Dwight D. Eisenhower made plenty of tough decisions in his career. As a two-term US president, a five-star World War II general, and the first Supreme Commander of NATO, Ike spent his days prioritizing ruthlessly and acting quickly. The secret behind his cut-to-the-chase efficiency? The Eisenhower matrix, a system that prioritized problems according to two key factors: importance and urgency.
You may not be storming the beaches of Normandy, but the Eisenhower matrix—and the principle of important vs. urgent—can be a powerful tool for boosting your effectiveness at work. Popularized by Stephen Covey in The Seven Habits of Highly Effective People, this time management matrix separates to-do’s into four quadrants:
Plotting your tasks and projects within this matrix can take your daily to-do list to the next level. Rather than a broad inventory of tasks, it’s a battle plan for prioritizing your most valuable work.
Why you should use it
It prevents emergency thinking. “Putting out fires” may sound heroic, but spending your day responding to the latest crisis is a recipe for burnout and dissatisfaction. By establishing space for non-urgent yet vital tasks, the time management matrix prevents so-called emergencies from dominating your to-do list.
It helps you delegate and eliminate. Time-sensitive yet nonessential tasks in Quadrant 3 are prime candidates for delegation or trimming. Administrative duties, routine assignments, and far too many emails and meetings fall into this category. As for Quadrant 4 items that are neither urgent nor important—think web surfing or obsessively checking Facebook—these should be considered your “do not do” list.
It focuses your efforts. Perhaps the most important of Covey’s ideas is “first things first”—the principal that the majority of your time should be devoted to important yet non-urgent projects. The equation is simple: The more effort spent planning and preparing in Quadrant 2, the fewer crises and must-do’s will pop up in Quadrant 1. A single client lunch can head off multiple future misunderstandings; one new organizational system can remedy all those last-minute searches for files.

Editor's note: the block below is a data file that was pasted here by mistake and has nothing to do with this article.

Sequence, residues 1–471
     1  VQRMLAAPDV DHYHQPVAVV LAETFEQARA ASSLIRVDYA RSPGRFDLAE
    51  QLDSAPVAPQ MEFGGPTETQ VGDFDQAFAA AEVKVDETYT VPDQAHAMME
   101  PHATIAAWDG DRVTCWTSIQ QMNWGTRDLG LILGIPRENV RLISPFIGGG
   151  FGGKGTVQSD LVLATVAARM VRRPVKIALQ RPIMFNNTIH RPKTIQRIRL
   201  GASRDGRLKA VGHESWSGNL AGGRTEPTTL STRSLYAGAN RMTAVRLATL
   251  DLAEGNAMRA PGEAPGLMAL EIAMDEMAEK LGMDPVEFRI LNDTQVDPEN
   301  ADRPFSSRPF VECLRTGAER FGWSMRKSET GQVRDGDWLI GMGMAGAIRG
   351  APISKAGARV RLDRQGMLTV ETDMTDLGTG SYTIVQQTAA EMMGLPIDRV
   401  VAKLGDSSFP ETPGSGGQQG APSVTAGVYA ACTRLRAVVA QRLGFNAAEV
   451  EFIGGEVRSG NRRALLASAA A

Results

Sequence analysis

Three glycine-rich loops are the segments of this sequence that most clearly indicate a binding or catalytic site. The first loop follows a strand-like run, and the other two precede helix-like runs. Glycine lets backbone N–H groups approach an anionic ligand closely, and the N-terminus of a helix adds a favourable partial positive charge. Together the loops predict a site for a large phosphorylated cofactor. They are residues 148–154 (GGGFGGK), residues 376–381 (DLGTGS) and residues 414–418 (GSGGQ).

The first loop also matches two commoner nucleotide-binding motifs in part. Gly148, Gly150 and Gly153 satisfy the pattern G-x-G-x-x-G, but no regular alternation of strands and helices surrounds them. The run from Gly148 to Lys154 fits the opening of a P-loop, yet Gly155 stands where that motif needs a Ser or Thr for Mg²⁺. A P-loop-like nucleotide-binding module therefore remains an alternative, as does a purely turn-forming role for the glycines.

How to get started
- Create your matrix. You can choose to enter tasks into an app, print out a template, or simply draw your own. All you need is a square divided into four quadrants: the x axis separates Important (top) and Not Important (bottom); the y axis separates Urgent (left) and Not Urgent (right).
- Sort your to-do’s. Once you’ve got your quadrants set, sit down with your existing to-do list and determine which items go where. If you have trouble differentiating between urgent and important tasks, keep in mind that urgent tasks demand your immediate attention; important tasks contribute to your long-term goals or values.
- Reflect on the results. Because it’s so visual, the urgent-important matrix often illuminates issues or imbalances in your to-do strategy. The most common pitfall: A list filled with urgent items—a sign that you’re reacting to the demands of others rather than proactively setting your own priorities.
- Schedule the important stuff. If important yet non-urgent projects deliver the most value, why is it so hard to prioritize them? Often these types of tasks—like maintaining relationships or developing new products—lack a clear timeline. To prevent these to-do’s from falling by the wayside, create firm deadlines for Quadrant 2 duties sand schedule significant blocks of time to complete them. Build in reminders and rewards—anything to keep you accountable and focused on long-term results.
How to make it a routine
The urgent-important matrix isn’t designed to be a one-time exercise. It’s most effective as a lifelong habit, helping you manage time and prioritize on a daily basis.
So how do you make it a regular part of your workday? Studies on goal achievement show that linking a new habit to a specific time or action helps trigger and cement the habit. Psychologists call this an implementation intention or if-then plan: “If X happens, then I do Y.”
Look at your work routine and decide which recurring activities could function as cues to use the urgent-important matrix. One ideal trigger: Checking your email or phone messages. Each incoming assignment, meeting, or request for assistance can be categorized by quadrant as you go, making it easier to spot low-value tasks and delegate or eliminate, right off the bat.
The more you practice sorting tasks by importance and urgency—and then focusing on the high-value to-do’s—the more prioritization becomes second nature. In time, you’ll develop a mental matrix that automatically categorizes tasks as either worthy of your time or irrelevant. Like a five-star general, you’ll show up at work focused, efficient, and ready to take action.